Make your home (and/or home office) energy efficient

In addition to forcing many people to get creative with their home workspace, the pandemic has also changed energy consumption patterns in the U.S. in ways that likely impact your bottom line. Specifically, some of the energy that used to be consumed in an office setting has been shifted home—including to yours if you or someone in your house now works or attends school from home.

Before the pandemic, the average home used 876 kilowatt hours of electricity each month. The usage pattern would look like this: It would spike as we woke up and got ready for work, then drop off during the day when no one was home, and peak again at night.

But now the rules have changed.

In 2020, residential electricity use rose later in the morning and stayed 16% higher than it was before the pandemic (commercial use dropped a similar amount). With so many of us working from home on a permanent basis, this pattern is likely to largely continue—so it’s literally worth it to find ways to save energy.

In good news, it’s Energy Efficiency Day and the Green Associate Resource Group (ARG) has you covered:

1. Measure first. It’s hard to reduce your energy usage when you don’t know how much you’re using. Some libraries allow you to check out an electricity monitor for free (we spotted programs in Maine, Denver, Colorado, Oregon, and Wisconsin, but there are probably many others). You can also DIY it with home monitors like Sense or the Lenovo Wi-Fi Smart Plug.

2. Slay energy vampires. Many devices—including pretty much every one that has a brick wall plug—continually drain energy. Get some smart plugs that turn the device off when you’re not using them. Another idea: Group devices you don’t use often onto the same power strip, so you can easily turn them off at once. Fun fact: The electricity to run a laptop costs about 20 cents a day (or $64.80 per year) so use power-saving modes and/or be sure to shut down at the end of your workday.

3. Chill your clothes. Most of the energy consumption from doing laundry comes from heating the water. If you wash on cold, you save. Relative to drying, it costs about 45 cents to dry a load of laundry so consider hanging clothes to dry. If that’s not an option, make sure your dryer’s lint screen is clean and, rather than using fabric softener, use some wool dryer balls. Not only will you save on the softener, but the agitation will help your dryer do its job more efficiently.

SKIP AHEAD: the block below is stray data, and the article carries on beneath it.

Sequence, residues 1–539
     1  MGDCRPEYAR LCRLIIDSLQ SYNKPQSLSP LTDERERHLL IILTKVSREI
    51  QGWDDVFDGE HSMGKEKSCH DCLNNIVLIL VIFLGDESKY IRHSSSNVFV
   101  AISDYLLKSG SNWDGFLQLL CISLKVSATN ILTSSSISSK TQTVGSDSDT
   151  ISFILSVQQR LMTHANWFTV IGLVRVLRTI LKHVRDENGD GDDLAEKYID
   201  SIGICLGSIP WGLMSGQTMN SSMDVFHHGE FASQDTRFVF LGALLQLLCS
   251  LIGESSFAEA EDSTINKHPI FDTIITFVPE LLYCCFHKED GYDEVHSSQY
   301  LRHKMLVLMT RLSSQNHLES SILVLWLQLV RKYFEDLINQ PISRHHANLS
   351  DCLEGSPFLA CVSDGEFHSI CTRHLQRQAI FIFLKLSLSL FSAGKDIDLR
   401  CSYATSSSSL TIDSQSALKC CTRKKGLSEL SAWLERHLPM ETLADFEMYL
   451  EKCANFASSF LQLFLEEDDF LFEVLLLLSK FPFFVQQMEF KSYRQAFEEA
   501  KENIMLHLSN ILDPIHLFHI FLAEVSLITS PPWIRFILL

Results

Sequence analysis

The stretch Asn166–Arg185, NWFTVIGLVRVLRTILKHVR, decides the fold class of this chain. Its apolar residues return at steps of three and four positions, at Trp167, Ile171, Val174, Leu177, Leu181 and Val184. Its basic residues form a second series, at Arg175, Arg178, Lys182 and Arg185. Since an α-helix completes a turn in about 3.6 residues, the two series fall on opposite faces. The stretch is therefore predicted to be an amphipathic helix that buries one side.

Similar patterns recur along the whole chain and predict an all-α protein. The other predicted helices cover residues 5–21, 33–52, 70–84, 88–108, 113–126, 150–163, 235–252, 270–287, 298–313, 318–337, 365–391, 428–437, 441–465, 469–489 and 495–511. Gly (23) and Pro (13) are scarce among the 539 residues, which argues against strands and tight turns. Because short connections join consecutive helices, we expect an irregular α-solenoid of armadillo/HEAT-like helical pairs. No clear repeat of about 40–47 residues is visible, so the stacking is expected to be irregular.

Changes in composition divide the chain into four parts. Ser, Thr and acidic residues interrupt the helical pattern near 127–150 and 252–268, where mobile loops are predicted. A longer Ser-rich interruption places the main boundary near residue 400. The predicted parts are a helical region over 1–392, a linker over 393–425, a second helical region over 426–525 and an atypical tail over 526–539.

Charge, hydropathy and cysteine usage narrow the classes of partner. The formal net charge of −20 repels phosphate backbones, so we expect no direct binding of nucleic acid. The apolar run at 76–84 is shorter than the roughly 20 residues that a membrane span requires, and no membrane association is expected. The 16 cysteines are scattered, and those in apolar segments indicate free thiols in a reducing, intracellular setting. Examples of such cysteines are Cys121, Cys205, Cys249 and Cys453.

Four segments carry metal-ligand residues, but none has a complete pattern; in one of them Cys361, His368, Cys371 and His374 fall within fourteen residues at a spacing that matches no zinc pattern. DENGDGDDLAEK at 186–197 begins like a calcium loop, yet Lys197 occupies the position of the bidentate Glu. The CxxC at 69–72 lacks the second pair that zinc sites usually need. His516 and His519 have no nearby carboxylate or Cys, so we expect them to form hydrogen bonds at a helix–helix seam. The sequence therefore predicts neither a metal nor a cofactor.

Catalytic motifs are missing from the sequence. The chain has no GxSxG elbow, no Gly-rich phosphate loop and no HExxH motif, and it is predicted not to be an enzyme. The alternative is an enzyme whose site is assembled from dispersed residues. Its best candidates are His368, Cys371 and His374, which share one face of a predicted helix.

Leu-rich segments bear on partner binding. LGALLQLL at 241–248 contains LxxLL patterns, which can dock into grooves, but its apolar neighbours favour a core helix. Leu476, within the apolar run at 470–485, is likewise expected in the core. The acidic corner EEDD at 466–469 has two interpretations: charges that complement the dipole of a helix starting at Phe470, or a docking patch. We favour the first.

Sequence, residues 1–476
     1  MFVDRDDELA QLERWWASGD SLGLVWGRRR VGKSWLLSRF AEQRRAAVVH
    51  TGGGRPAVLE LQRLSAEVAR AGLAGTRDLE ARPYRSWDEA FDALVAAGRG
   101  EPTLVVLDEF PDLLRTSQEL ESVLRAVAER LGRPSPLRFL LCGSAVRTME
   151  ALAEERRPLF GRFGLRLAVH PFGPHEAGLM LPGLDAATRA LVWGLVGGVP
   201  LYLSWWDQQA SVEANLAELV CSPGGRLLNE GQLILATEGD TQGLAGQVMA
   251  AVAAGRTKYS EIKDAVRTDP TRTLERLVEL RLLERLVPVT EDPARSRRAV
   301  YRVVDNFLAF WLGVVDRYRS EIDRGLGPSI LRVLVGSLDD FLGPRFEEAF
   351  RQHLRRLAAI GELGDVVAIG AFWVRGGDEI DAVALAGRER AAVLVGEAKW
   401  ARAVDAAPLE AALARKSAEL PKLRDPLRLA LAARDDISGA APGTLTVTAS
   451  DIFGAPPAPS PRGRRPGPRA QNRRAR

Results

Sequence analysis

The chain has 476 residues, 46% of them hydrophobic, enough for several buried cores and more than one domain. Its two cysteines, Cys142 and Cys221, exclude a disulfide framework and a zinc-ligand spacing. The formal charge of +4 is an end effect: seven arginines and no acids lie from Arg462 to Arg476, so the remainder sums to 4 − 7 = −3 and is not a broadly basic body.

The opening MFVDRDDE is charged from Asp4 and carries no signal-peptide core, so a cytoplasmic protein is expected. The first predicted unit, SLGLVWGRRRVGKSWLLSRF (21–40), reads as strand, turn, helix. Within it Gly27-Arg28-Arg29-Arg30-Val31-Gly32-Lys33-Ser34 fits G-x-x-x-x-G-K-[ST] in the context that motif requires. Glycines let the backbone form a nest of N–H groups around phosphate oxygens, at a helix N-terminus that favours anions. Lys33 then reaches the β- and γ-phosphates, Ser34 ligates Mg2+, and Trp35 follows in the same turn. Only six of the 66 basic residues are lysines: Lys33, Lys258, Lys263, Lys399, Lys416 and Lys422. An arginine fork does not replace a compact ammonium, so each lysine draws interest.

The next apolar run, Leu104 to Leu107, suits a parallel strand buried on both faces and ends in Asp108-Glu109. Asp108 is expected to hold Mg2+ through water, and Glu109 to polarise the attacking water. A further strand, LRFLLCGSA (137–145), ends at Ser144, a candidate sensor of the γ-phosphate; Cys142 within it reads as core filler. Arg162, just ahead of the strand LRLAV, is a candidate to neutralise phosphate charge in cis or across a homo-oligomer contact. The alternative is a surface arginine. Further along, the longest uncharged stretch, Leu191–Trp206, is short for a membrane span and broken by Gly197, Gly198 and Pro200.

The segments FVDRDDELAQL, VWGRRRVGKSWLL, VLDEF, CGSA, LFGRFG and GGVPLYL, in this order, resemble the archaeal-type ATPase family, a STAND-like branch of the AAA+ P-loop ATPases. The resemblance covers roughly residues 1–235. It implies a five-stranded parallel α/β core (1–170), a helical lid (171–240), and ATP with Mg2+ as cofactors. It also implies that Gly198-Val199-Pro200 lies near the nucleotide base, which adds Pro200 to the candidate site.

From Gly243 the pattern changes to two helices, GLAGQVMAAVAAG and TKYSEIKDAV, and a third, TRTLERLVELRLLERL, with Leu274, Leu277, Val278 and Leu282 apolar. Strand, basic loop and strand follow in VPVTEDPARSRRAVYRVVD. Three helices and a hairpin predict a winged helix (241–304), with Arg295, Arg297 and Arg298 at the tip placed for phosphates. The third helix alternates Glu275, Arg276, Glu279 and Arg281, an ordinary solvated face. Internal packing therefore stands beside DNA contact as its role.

4. Be smart about heating and cooling. Your heating and cooling system accounts for about half of your home’s energy consumption. Look for air leaks by inspecting where all building materials meet—door and window frames, weather stripping, attic hatches, fireplace dampers, vents, etc. You could hire someone to come in and do an energy audit, but a DIY method is to light an incense stick and pass it around edges of common leak sites. Where the smoke wavers, or is sucked in or out of a room, there’s a draft so take action to plug them.

5. Light your way into savings. LED lights are popular for a reason—they don’t put off heat and they use a fraction of the energy incandescent use. By switching five of your home’s most frequently used bulbs with ENERGY STAR® certified LEDs, you could save $75 annually on energy costs.

TDS’ sustainability journey continues

Our parent company, Telephone & Data Systems, Inc. is continuing the enterprise’s sustainability journey. Adam, energy programs manager, has the TDS companies moving forward on a variety of cost savings energy efficiency opportunities. Leveraging utility programs and with the help of third-party firms, the companies are using solutions such as network infrastructure modernization, power system optimization, HVAC enhancements, renewable energy supply opportunities, and building management integration to pave a path forward in a greener fashion. In Wisconsin alone, through a partnership with Focus on Energy, the TDS family of companies could potentially save 7,258,805 kilowatt hours of energy every year, saving $732,994 of costs annually—enough to power 619 homes per year.


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